Saturday, December 18, 2021

Christmas Tree Project Step 4: Improving the Mapping

Last time, I got the first 3D mapping of the LED coordinates. I wasn't entirely happy with the results, though, so it was time to improve them. So, I started by working on code that I could use to verify the results of the scan. The idea was to turn a few LEDs on at a time, so you can visually verify that those LEDs are in the right order on one of the axes. However, while the y axis is completely obvious, the x and z axes aren't visible in the real world, so that was the first thing I did: create a gradient from red to blue on one of the axes so you could identify the axis.

The x axis

From there, I turned the lights green one by one according to their order on that axis. My original idea was to turn just the light after it and the light before it on, or perhaps a few, but I ended up just turning everything on, with the ones that were before the green LED being red, and the ones after it blue. Then, you could press either space if the LED appeared to have the right coordinate when it came to that axis, or x if it didn't. The software would then remember the incorrect coordinates and write them to a file when done.

Verifying the green LED

A modified version of the mapper can now also be used to scan only the incorrect coordinates. In that case, it will read which LEDs need to be rescanned from the file. It then scans every such LED from all four directions, but only updates the coordinate components of the axes marked as incorrect. With those changes made, I got back to the physical tree and got working on my new coordinates.

I decided not to use my previous mapping results, but start over instead. I had marked the position and orientation of the tree and the camera stand hadn't moved, but the camera wasn't in it in the exact same way. The way the webcam was mounted on the stand was a bit improvised and the webcam was borrowed from my work setup, so it hadn't stayed in the stand and the result was that I didn't put it back in the exact same way.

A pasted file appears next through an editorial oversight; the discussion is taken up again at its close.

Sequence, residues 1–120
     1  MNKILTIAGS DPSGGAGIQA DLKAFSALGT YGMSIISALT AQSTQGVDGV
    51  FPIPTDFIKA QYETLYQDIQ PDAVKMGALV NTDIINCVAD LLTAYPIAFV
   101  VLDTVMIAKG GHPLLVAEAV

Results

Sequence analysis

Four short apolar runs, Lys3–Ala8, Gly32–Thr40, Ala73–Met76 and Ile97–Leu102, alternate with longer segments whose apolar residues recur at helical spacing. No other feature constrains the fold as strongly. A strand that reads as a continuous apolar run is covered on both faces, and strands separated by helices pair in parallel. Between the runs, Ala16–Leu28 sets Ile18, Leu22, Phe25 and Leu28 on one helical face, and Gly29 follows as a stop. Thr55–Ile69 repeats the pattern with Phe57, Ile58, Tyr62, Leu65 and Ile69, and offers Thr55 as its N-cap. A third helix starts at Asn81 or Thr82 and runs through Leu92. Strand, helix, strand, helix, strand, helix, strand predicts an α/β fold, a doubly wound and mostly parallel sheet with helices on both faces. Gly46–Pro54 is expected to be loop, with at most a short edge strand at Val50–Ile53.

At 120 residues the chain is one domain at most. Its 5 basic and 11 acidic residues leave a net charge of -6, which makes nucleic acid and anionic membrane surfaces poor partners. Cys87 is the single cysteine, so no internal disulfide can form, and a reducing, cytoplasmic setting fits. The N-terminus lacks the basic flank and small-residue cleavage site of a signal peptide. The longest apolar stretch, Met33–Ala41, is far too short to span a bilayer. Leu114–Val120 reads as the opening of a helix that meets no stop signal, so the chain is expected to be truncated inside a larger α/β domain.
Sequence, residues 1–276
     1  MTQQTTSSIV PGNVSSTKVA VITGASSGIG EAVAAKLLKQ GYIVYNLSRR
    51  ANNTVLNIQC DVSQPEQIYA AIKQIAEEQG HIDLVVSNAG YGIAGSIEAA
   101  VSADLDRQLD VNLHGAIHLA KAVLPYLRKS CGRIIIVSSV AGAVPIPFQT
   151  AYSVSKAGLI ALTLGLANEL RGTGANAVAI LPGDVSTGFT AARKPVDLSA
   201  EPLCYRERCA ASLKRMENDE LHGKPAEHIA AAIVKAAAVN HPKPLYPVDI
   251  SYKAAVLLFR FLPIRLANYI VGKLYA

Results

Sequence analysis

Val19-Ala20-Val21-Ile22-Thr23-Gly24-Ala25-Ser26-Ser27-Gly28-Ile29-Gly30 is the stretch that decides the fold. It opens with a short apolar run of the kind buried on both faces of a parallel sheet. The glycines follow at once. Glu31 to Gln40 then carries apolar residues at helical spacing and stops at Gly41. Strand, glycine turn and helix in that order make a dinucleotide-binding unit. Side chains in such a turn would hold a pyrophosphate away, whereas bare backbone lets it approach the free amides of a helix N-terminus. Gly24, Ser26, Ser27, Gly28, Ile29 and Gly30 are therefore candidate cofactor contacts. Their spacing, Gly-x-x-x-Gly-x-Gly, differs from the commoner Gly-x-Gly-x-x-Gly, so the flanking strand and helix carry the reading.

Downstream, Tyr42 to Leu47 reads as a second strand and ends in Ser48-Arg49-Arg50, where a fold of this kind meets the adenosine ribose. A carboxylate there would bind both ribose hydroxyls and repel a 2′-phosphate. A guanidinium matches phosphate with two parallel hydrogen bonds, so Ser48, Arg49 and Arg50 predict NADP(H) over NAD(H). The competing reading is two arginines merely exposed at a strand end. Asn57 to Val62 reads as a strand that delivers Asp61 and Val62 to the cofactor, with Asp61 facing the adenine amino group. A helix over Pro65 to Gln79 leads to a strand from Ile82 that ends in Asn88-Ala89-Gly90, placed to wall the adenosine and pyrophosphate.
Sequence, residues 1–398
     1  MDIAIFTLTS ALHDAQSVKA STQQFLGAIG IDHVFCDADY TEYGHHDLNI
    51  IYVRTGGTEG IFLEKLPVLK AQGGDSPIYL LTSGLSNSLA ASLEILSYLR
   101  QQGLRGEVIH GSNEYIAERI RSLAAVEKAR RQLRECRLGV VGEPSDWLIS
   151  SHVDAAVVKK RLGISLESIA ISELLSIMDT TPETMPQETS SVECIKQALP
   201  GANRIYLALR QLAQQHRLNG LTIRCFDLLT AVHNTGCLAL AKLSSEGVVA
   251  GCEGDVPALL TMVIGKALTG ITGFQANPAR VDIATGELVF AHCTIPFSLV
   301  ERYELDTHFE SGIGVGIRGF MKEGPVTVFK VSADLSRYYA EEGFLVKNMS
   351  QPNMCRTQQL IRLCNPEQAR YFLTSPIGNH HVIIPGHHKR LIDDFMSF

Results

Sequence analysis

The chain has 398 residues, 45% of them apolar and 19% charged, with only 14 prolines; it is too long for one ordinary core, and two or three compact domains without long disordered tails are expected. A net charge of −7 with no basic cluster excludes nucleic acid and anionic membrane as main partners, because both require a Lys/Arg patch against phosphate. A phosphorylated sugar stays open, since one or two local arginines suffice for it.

Improvised does not mean bad!

So, I took a few pictures with the new setup to get the tree properly in frame again and then started scanning. I alternated between judging the coordinates and rescanning them several times until I ended up with something that I was happy with.

Deciding what LED was wrong and what wasn't always obvious. When two LEDs are in the incorrect order, this method just isn't great for determining if the first one or the second one was wrong. When there are more LEDs involved, it gets even more complicated. I did develop a bit of a feeling for it, I just chose for rescanning more than necessary in a number of cases and I restarted the verifying process without saving the results a number of times. I could probably improve things by allowing you to go back in the LED order as well, so I will probably do that if I end up mapping another tree.

I was also important to learn that the result just wasn't going to be perfect. Slight changes in perspective can have big results, and we're already combining several perspectives into one coordinate. Whenever two LEDs were a close call, it was best to just go with whatever result the scan had. The mapping wouldn't be perfect, but it was never going to be perfect and as long as it's close enough, it'll look good, especially considering that the viewer won't have a fixed perspective either.

Finally, there was one LED left that just didn't get a good scan for its Z coordinate. I checked the photos and saw that it was indeed on, but just wasn't visible from either of the two opposite sides. I decided to just set the coordinate manually, so I lit it up as well as some LEDs around it. I identified which were its closest neighbors and gave it a coordinate between them, which I manually put into the output file.

With the new mapping, the next thing to do was of course to run the test effect again. I think the actual changes were relatively small, but the whole effect looks a lot more smooth to me...

(Well, I promise it does in person, at least.)

As before, all the code I wrote for this project can be found on GitHub.

Is the this the end of this project, then? Not just yet. The basic setup is done now, but I do still need to run effects on the thing. I am planning to both write some of my own and run the ones submitted to project that serves as inspiration for this one...

No comments: